Cleveland Cavaliers: a bunch of “hacks”?

On the court, the Cleveland Cavaliers are champions, bringing the first major sports title to the Ohio city in 52 years with their 93-89 victory over the Golden State Warriors in an exciting Game 7 of the NBA finals. But in the etymology books, the Cleveland Cavaliers are, well, “hacks.”

Cavalier

English first borrowed cavalier from the Spanish cavaliero, among other forms, which named a “horseman,” especially a “knight.” The word is first attested around 1470. Over the next few centuries, English rendered the word according to its French form, cavalier. The French and Spanish are a short trot away from the earlier Italian, cavaliere, from the Late Latin caballarius, a “horseman” or “rider.”

The Latin root is caballus, essentially a street word for “horse” that eventually supplanted the classical equus. This explains the words for “horse” in Latin’s daughter languages, e.g., the Spanish caballo. Early records describe a caballus as a “work horse” or “pack horse,” hence “nag,” “jade,” or “hack.” Growing out of figurative senses of “worn out,” jaded and hackneyed also derive from the latter two terms. Cavalry, cavalcade, chivalry, and chevalier are also in caballuss stable, so to speak.

Scholars agree that Latin’s caballus is a loan word. Pointing to an Old Slavic cognate, kobyla, some think it comes from a Balkan source for a “gelding.” Focusing on its many Celtic cognates, others posit a Gaulish root. Ultimately, caballus is one etymology that won’t break.

By the end of the 1500s, cavalier specifically referred to a “gentleman trained at arms,” as the Oxford English Dictionary documents. By the 1640s, Cavalier nicknamed the swaggering gallants who fought for Charles I in his war against their epithetical counterparts, the Parliamentary Roundheads. Their swash-buckling was associated with recklessness, hence cavaliers attributive use for “careless” by 1657, associated with a “haughty” and “disdainful” attitude a century later.

Now, the Cleveland Cavaliers took their name in 1970, when the city’s Plain Dealer held a contest to christen the new NBA expansion team. Jerry Tomko submitted the winning name, explaining that cavaliers “represent a group of daring, fearless men, whose life’s pact was never surrender, no matter what the odds.” Tomko’s description is apt for the 2015-16 NBA champions, who’ve proven – to their fans and their city – that they are definitely not tired, old horses.

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horse

A horse is a horse, of course, of course. Unless you’re American Pharoah, who coursed the Belmont Stakes last Saturday for the first Triple Crown in 37 years. This three-year-old colt clearly isn’t just any old horse. But etymologically, a horse is a course. Well, not of course, but maybe.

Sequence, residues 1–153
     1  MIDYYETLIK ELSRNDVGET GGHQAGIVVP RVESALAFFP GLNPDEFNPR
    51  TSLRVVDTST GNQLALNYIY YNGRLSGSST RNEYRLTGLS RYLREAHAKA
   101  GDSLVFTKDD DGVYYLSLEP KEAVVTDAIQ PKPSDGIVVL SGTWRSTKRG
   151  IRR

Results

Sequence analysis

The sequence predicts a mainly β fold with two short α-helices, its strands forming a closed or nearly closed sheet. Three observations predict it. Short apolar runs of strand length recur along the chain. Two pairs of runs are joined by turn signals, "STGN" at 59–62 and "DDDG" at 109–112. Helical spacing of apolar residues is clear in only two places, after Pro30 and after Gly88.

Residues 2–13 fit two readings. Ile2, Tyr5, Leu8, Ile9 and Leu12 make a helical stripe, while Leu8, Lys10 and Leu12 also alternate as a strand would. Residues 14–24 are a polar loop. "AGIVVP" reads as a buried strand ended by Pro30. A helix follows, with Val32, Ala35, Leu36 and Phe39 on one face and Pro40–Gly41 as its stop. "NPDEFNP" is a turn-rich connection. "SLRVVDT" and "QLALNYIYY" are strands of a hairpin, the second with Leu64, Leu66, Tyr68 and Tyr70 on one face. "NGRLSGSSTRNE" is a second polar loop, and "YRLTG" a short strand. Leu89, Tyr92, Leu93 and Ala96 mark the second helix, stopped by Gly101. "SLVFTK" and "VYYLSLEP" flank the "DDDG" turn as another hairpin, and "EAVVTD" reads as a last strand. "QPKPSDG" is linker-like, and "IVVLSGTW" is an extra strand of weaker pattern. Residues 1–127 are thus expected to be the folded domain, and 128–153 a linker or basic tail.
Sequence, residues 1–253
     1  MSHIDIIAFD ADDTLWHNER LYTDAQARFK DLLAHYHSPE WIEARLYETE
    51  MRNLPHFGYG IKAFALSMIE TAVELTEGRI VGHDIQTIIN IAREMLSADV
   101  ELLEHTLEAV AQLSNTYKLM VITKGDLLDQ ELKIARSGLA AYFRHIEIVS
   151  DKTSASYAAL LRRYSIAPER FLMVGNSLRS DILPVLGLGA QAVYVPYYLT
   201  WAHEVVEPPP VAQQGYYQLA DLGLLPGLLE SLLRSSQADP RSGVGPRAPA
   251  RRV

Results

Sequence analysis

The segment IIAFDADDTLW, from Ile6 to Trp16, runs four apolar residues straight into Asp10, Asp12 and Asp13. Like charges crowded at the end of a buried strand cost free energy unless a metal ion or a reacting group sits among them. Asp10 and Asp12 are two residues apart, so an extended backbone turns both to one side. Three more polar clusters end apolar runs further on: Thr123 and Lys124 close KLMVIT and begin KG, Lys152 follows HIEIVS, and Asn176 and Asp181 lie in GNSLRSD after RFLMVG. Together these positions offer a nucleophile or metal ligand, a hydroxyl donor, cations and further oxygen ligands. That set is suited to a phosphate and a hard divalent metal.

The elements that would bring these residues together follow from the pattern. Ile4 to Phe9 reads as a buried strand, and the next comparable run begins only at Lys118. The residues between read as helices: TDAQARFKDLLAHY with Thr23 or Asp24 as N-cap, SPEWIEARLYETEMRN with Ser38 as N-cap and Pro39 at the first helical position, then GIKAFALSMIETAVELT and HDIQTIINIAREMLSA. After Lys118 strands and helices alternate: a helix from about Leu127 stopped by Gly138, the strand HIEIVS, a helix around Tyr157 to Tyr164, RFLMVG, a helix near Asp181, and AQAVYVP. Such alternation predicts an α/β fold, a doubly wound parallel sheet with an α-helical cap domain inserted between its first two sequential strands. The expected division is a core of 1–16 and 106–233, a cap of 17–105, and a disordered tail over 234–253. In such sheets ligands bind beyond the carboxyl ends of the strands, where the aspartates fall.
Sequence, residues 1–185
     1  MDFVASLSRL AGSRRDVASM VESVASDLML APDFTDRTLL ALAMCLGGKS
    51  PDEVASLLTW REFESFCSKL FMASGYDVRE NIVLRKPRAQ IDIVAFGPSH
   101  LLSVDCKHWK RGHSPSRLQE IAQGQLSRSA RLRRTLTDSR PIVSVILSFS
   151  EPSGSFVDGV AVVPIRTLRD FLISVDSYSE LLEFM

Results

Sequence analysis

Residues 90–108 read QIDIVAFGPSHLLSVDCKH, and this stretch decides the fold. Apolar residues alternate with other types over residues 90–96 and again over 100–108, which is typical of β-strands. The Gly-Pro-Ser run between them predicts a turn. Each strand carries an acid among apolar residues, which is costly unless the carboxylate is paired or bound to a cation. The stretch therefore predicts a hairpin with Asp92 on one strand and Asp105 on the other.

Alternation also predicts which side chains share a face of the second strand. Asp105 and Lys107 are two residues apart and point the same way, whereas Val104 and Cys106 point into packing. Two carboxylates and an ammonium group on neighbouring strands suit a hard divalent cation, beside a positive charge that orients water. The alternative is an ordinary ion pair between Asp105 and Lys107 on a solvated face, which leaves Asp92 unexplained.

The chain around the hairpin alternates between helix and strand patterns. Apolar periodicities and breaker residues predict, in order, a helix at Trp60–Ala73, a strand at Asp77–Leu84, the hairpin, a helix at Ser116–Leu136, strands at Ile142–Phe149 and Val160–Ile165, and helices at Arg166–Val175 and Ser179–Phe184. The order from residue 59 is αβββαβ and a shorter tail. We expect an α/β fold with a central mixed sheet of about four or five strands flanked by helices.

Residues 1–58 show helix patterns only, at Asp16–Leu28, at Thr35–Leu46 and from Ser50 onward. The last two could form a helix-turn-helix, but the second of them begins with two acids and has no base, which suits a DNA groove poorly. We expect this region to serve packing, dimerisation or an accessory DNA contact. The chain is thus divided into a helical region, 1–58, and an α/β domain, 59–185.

“Horse.” Ballpoint on paper. Doodle by @andrescalo.

Horse

Horses may race young, but the word horse runs old: The Oxford English Dictionary records horse (as hors) all the way back to around 825. Etymologists take the word back to the Proto-Germanic root for the animal, *horso-, hitching it there. But some ride off into a further sunset: the Proto-Indo-European (PIE) *kers-, “to run.” This root equipped Latin with currere (“to run”), which, in turn, saddled English with all sorts of words: carchargecorridorcurrentcursordiscourseintercourse, and, of course, course, among others. A horse is a course, of course of course.

Yet Ernest Klein suggests that a different feature defined horse. He suggests that horse may come from the Proto-Germanic *hrossa-, from the pre-Germanic *qru-ta-s, formed on a “lost verb,” “to jump,” from a PIE root meaning the same. If this is the case, horse, then, is “the jumping animal.”

Wild Horses

Old English also had a horse of a different etymological color: eoha word cognate to equus, the Classical Latin for “horse” and source of equine and equestrian. At root is the PIE *ekwo-, “horse,” which also stables the Greek ἵππος (hippos, producing hippopotamus, “river horse” and Philip, “fond of horses.”) Like horse “the jumper” or horse “the runner,”  *ekwo may itself be named for something characteristically equine, as it perhaps derives from the PIE adjective *oku-, “swift.”

The hippopotamus is the “river horse.” Likenesses also give us the sea-horse. And the whale-horse, or walrus, if folk etymology has its way. Walrus comes from the Dutch walrus. The wal- component is indeed related to whale, but the rus– part (cf. German words for horse, like German’s own Ross, hence the name) is probably not etymologically (not to mention zoologically) sound. Etymologists cite confusion between some Scandinavian words naming certain types of whales and the walrus.

While the Greeks may have likened the hippopotamus to a river horse, the ancient Egyptians thought of it as a water-ox, or the p-ehe-mau, which Hebrew probably shaped into behemoth. Fittingly enough, for hippos do have a pretty mean reputation in the wild.

Ancient Egyptian also had pr-ʿo, “great house,” a title given to those kings also of great reputation, pharaohs, partial namesake of American Pharoah. American Pharoah has little in common with walrus–other than being mammals and have a name shaped in error. It all runs full circle. You know, like a racecourse.

Speaking of horses, look out soon for another review of a new title from Skyhorse Publishing, Holy Cow! by Boze Hadleigh, a book about expressions of animal origin, which includes a whole section on horses.

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